Your hospital system is interested in developing a perioperative fluid administration protocol for adults undergoing noncardiac surgery. According to a recent large study, which of the following is MOST likely true regarding postoperative complications?

  • □ (A) Complications were least likely in patients receiving moderate volumes of fluid.

  • □ (B) Acute kidney injury (stage II or III) was most likely in patients receiving the lowest volume of fluids.

  • □ (C) The likelihood of respiratory complications was not associated with the volume of fluids.

Postoperative complications have major negative effects on overall patient outcomes and costs. Perioperative fluid management is a potentially modifiable factor for reducing postoperative complications, as both hypervolemia and hypovolemia may have adverse effects. Many studies have examined the association between perioperative fluid volumes and patient outcomes, but most have been limited in scope, focusing on specific patient populations, organ systems, or single institutions.

The authors of a recent retrospective study hypothesized that patients receiving high or low volumes of fluid may experience worse clinical outcomes than patients receiving moderate fluid volumes in the perioperative period. The study included 35,736 adults who underwent noncardiac surgery at 119 hospitals from January 1, 2012, to December 31, 2017. Patients were included if they received a minimum of 500 mL of intravenous fluid from six hours preoperatively to 24 hours postoperatively and remained in the hospital for at least 24 hours after surgery. The patients were divided into five equal quintiles (Q) based on total fluid volume from six hours before surgery to 24 hours after surgery. Volumes included both crystalloids and colloids:

  • Q1: 500-1,191 mL

  • Q2: 1,191-1,775 mL

  • Q3: 1,775-2,333 mL

  • Q4: 2,333-3,216 mL

  • Q5: 3,216-7,932 mL

The primary outcome was a composite of at least one complication during the hospital stay plus a postoperative hospital length of stay (LOS) of seven days or longer. Secondary outcomes included in-hospital mortality, postoperative respiratory complications, and postoperative acute kidney injury. The moderate volume quintile (Q3) was used as the reference for analysis.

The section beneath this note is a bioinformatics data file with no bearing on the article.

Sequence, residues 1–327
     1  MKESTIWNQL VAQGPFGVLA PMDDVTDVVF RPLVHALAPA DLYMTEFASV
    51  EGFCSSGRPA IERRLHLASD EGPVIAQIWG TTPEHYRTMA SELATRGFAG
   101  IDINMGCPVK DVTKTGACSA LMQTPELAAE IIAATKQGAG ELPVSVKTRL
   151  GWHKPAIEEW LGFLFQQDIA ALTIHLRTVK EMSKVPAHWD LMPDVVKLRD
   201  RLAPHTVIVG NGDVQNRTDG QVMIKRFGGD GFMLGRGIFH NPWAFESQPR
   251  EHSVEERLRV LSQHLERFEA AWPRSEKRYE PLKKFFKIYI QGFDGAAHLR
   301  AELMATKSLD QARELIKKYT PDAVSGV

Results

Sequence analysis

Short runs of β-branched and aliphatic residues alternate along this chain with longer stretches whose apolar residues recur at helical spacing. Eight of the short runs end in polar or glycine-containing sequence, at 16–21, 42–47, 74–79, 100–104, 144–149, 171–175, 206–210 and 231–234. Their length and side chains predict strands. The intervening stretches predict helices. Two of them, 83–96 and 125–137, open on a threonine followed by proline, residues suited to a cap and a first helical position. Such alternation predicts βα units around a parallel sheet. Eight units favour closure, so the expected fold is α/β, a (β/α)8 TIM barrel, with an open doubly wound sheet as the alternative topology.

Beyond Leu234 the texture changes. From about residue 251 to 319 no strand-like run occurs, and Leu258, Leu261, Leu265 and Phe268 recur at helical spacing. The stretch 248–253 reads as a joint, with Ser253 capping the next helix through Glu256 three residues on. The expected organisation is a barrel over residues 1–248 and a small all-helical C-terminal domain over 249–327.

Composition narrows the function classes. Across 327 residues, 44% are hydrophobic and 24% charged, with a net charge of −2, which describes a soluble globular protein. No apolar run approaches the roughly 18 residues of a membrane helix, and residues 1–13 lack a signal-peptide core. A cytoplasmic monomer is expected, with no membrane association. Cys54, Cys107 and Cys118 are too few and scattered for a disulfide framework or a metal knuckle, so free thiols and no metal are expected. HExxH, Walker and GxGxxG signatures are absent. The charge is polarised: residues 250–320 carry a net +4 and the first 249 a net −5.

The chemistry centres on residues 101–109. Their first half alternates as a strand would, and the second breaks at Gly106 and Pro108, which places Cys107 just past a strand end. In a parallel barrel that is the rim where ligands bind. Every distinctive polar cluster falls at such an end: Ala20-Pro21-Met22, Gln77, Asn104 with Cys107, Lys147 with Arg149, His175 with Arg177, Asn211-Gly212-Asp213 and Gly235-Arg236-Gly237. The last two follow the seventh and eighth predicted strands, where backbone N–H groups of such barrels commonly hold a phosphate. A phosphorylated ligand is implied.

For the entire study population, the mean (SD) volume of perioperative fluids was 2,290 (1,283) mL. The primary outcome occurred in 4,047 patients (11.3%). Rates for the individual categories of complications were as follows:

  • Gastrointestinal: 1,871 patients (5.2%)

  • Respiratory: 1,863 patients (5.2%)

  • Cardiovascular: 1,857 patients (5.2%)

  • Infection: 1,817 patients (5.1%)

  • Renal: 1,363 patients (3.8%)

Q3 had the lowest rate of complications overall.

During multivariable analysis, the authors found a U-shaped association between perioperative fluid volumes and complications, with the highest odds of complications at the extremes of volume and the lowest odds of complications with a moderate volume of fluid. The odds of the primary outcome (≥ 1 complication plus hospital LOS ≥ 7 days) was higher in Q1, Q4, and Q5, compared with Q3. The odds of stage II or III acute kidney injury were higher in Q5 and Q4 than in Q3 (when analyzing patients without chronic kidney disease), and the odds of respiratory complications were also higher in Q5 than in Q3. No association was found between perioperative fluid volumes and the odds of in-hospital mortality.

In summary, a moderate volume of perioperative fluids was associated with the lowest odds of complications after noncardiac surgery in this large multicenter study. Both low and high fluid volumes were associated with an increased odds of at least one complication (of any type), whereas only high volumes were associated with an increased odds of respiratory complications and acute kidney injury.

Summaries of Emerging Evidence (SEE) is a self-study CME program that highlights emerging knowledge in the field of anesthesiology. The program presents relevant topics from more than 30 of today's leading international medical journals in an engaging question-discussion format. SEE can be used to help fulfill the CME requirements of MOCA®. To learn more and to subscribe to SEE, visit:

Interested in becoming a question writer for Summaries of Emerging Evidence (SEE)? Active ASA members are encouraged to submit their CVs for consideration to Wade Weigel, MD, FASA, SEE Editor-in-Chief, at

, et al
Association between perioperative fluid management and patient outcomes: a multicentre retrospective study
Br J Anaesth
. doi:10.1016/j.bja.2020.10.031

Answer: A